He also expressed concerns about the views of the historic building. Referencing the “postcard image” of the area, Klein said, “I don’t want to be part of destroying that and I understand people have a right to build stuff and I can relate to that [as an architect], but I think you have to be very, very sensitive to what you’re doing.”
Scott Needelman commented, “While this building is a very, sort of, elegant looking building and very nice, it’s not really Miami beach architecture… but we’ve seen that before in this city. We’ve seen buildings stand out, architecturally differentiate themselves from Miami Beach architecture and that’s okay. It’s not a huge big deal but the issue that I have with the building is its placement and how it overwhelms the Versailles Hotel.”
“Overall, the height is an issue,” he said. “It’s still a rather tall building.”
Given the odd shape of the lot, Needelman said, “It’s very difficult to build something there that doesn’t overwhelm the Versailles Hotel… I think this is going to look very awkward if this building is built as its being proposed.”
Board Chair Jack Finglass said, “I’m amazed that people would bring to us something that completely overshadows and overburdens the historic jewel that is our job to save and protect.”
“I find this amazingly offensive that this is brought to us again with the 30 feet chopped off,” he said. Recalling the approval of the new tower on the site of the historic Raleigh Hotel which was reduced 25 feet to get Board approval, he said, “Thirty feet or less seems to be the answer to chop off the tops of new buildings to placate the Historic Preservation Board and I don’t think we should be placated by that.”
The proposed new building “is jarring. It is smothering and inappropriate and it overpowers the Versailles,” Finglass said. It is a design more suited “for Aventura or Sunny Isles… It needs to be a similar height to the Faena House,” he said, in which case, “it would be more respectful to the Versailles.” The Faena House is 203 feet tall.
“It needs major surgery and not a 30-foot chop here and there,” Finglass said, objecting to the “constant drive to make things higher, bigger and make more money.”
Besides the height, other outstanding issues include concerns about resiliency and the structural integrity of the historic building with a proposed 145,000 sq ft subterranean level. The City has requested an analysis by a licensed structural engineer. To help mitigate flooding in the area, the developers have offered to install injection wells in the Indian Creek area as a public benefit.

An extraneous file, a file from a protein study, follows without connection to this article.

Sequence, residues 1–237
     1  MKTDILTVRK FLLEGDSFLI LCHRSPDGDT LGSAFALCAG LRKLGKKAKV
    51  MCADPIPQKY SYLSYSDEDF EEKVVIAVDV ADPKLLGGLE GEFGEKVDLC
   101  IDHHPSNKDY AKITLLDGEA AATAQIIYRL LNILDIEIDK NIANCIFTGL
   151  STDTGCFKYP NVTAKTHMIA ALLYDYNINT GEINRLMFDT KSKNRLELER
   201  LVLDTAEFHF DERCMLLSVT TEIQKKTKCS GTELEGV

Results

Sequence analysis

The multiple access points on the site are also a concern and further evaluation is requested by the City “in order not to have an adverse impact on pedestrian safety and the character of the district,” Planning staff member Debbie Tackett told the Board.
Finally, the developers offered to donate and install on a City-owned property the “Apollo” mural by Jack Stewart which was removed from the site when the 1955 addition to the hotel was demolished. City staff said they believed there is an opportunity to reinstall the mural on the site “in a modified format” and have asked the developer to look at that.
The application is scheduled to come back before the HPB on February 9.
After the hearing, Kasdin wrote in a text message, "We will take into consideration the Board's comments and guidance and work to make sure that this project, which is so important to the City, is approved at the next meeting."
Renderings Kengo Kuma and Associates
Photo, Jack Stewart mural, courtesy City of Miami Beach
Updated, December 8 at 6:30 pm to include Kasdin's comments after the hearing.
Developers Propose Nearly 30-ft height reduction for Aman Tower, Resolve Dispute with Faena House Owners
Developers Propose Nearly 30-ft height reduction for Aman Tower, Resolve Dispute with Faena House Owners: